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October 7, 2014 2:55 PM

Unifying our cultural memory: Could electronic environments bridge the historical accidents that fragment cultural collections?

in Information Landscapes for a Learning Society, Networking and the Future of Libraries 3, 1998. and presentation at UK Office of Library Networking Conference, July 1998.

David Bearman and Jennifer Trant, Partners, Archives & Museum Informatics, USA

(Section 2)

Intellectual Barriers

Actors in the Discovery and Retrieval Process

In a December 1994 seminar at the Getty Art History Information Program (subsequently renamed the Getty Information Institute) involving staff, consultants and members of the CIMI project, a structural model of the research process was developed, and articulated by Bearman, which represents the universe of information discovery, retrieval and use as consisting of three agents: 1) users, 2) repositories, and 3) reference resources.1

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The information discovery and retrieval process is a dialogue between these actors. Users formulate queries in their own terms, at their own level of granularity and with the preconceptions, capabilities and limitations of their own uses in mind. They put their queries to repositories aggregators of material, which have assembled collections of varying degrees of thematic or intellectual coherence, and where holdings are catalogued in a manner that best supports the mission and administrative requirements of each institution. Often, repositories operate with a different frame of reference, that does not conform in terminology, granularity or functionality to the requirements of the user.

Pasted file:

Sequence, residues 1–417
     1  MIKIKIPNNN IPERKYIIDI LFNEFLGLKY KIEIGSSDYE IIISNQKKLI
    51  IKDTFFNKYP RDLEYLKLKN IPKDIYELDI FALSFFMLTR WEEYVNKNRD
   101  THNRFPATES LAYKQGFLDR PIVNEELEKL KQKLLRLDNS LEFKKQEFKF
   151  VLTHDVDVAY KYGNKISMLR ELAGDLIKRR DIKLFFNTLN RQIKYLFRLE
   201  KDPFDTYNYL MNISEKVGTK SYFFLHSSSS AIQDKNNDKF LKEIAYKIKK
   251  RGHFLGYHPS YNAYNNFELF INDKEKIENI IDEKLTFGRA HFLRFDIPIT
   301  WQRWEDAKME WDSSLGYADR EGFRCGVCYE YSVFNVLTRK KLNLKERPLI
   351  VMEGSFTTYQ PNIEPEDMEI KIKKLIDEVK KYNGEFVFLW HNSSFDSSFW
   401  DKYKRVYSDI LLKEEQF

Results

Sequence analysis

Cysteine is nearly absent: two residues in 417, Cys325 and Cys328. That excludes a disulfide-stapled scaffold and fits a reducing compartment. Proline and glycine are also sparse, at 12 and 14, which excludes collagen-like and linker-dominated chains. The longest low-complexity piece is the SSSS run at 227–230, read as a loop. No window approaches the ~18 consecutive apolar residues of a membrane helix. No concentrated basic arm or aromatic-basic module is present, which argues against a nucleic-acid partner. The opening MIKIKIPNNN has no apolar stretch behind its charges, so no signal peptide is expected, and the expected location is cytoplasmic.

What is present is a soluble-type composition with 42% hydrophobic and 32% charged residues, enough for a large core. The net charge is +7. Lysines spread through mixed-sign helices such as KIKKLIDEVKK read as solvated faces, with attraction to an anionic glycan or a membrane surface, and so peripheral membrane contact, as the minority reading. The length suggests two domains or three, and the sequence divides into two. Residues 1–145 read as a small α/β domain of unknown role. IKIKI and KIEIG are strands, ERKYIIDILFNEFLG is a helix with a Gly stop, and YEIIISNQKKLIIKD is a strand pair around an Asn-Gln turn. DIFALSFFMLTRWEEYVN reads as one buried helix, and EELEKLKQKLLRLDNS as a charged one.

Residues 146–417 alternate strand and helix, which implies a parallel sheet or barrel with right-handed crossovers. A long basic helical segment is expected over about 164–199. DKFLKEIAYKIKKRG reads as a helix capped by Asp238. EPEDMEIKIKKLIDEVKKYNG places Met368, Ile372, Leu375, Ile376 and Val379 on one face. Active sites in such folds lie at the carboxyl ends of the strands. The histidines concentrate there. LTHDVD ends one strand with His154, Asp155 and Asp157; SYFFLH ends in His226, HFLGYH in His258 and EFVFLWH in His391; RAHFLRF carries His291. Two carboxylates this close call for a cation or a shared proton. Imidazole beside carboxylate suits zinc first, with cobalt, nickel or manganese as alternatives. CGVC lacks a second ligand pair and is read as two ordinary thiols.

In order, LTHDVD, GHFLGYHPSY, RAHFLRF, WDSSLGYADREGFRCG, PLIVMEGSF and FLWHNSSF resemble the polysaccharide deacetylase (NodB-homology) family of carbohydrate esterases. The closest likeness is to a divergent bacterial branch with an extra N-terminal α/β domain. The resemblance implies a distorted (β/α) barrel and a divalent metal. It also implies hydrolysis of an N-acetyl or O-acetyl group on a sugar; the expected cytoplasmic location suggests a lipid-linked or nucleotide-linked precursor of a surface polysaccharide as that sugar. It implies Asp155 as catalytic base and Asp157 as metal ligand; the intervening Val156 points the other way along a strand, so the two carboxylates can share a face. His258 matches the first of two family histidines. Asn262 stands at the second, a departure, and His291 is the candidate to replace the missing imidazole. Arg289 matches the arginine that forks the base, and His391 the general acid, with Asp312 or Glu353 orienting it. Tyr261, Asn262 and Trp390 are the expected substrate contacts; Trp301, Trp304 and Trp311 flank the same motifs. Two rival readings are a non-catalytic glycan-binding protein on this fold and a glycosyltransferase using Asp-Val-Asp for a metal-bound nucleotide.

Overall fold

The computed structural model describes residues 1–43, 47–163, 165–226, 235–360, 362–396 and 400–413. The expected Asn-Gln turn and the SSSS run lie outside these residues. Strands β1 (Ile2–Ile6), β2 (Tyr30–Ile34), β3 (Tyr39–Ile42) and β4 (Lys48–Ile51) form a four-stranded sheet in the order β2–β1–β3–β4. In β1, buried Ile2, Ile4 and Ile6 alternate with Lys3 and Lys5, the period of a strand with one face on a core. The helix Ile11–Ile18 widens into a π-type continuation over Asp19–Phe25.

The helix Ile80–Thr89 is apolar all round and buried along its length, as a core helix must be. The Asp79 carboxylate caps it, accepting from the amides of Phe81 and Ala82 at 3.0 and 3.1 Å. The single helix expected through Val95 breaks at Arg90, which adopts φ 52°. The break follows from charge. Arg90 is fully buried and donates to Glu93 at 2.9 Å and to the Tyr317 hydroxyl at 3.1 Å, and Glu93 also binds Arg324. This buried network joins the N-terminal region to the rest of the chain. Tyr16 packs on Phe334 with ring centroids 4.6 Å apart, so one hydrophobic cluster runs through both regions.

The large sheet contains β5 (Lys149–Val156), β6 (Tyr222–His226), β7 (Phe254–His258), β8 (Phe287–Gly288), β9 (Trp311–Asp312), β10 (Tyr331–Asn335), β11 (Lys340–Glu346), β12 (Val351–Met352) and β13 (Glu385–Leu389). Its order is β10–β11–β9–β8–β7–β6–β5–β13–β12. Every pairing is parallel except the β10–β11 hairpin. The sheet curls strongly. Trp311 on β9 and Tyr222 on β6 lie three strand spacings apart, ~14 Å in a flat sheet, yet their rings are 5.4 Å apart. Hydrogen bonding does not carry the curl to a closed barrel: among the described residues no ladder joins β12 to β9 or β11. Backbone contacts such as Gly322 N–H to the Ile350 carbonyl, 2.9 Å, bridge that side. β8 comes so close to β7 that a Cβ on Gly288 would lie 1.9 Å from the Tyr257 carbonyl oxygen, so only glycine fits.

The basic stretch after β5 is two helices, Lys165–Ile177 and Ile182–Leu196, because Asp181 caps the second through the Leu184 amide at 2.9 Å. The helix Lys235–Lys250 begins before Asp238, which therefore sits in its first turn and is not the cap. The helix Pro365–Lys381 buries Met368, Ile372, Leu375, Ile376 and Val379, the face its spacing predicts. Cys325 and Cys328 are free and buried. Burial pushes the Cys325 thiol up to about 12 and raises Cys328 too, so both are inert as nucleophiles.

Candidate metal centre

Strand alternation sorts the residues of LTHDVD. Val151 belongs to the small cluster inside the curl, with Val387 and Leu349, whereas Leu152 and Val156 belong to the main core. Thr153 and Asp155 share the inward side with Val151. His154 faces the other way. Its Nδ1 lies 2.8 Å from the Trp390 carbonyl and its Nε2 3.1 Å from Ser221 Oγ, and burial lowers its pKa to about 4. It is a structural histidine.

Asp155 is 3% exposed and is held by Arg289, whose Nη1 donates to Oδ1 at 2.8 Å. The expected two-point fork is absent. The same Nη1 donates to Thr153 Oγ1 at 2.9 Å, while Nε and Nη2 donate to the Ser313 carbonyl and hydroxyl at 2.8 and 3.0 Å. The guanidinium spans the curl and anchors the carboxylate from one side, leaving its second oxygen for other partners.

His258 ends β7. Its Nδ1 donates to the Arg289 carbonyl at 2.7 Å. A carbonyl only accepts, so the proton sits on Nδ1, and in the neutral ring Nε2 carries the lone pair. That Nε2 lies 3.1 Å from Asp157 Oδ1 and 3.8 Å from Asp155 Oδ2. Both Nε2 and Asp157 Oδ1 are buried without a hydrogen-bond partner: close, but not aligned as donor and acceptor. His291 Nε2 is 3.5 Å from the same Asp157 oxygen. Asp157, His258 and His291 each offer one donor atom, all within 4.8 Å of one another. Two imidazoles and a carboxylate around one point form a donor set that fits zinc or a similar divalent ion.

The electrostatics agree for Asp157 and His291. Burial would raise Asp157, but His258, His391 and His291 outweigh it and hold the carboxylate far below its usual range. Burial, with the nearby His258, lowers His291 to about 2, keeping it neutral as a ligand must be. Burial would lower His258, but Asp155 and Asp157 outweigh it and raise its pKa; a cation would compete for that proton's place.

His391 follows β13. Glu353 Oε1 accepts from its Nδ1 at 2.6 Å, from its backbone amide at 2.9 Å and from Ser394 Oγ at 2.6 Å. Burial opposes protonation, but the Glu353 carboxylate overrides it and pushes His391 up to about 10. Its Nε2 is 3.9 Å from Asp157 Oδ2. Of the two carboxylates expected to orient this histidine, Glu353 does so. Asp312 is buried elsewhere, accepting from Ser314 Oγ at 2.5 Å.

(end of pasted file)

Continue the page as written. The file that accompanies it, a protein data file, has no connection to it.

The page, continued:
Reference Resources, including secondary and tertiary literature provide one a way to bridge the different historical and administrative perspectives of holding institutions. If the end-user receives a less than adequate response from the repository and is serious enough to continue researching, he is likely to turn to the secondary and tertiary literature in order to find other facts, concepts or terms, possibly at different levels of granularity, that might better match the cataloguing practices of the repositories. Thesauri, indexes, citations and bibliographic tools, biographies, gazetteers, and other contextualizing resources contain additional terminology and references that can be employed in a follow-up query.

Armed with the most complete set of relevant terminology and context, the user may still find query results less than satisfactory. Often, the correspondences between the user's mental model of the structures of the data, and the data structures implemented in each repository are imperfect. Ideally, repositories could map their view of the world to a common data model, through which the user's query would be translated to the repository and the response translated to the user. However, models may not map well: specific information available from the sources may not be known to the user. And, those aspects of the sought for evidence which are relevant to the user may not have been described in the repository as a consequence of its cataloging practices. Each may be impeded by different missing data.

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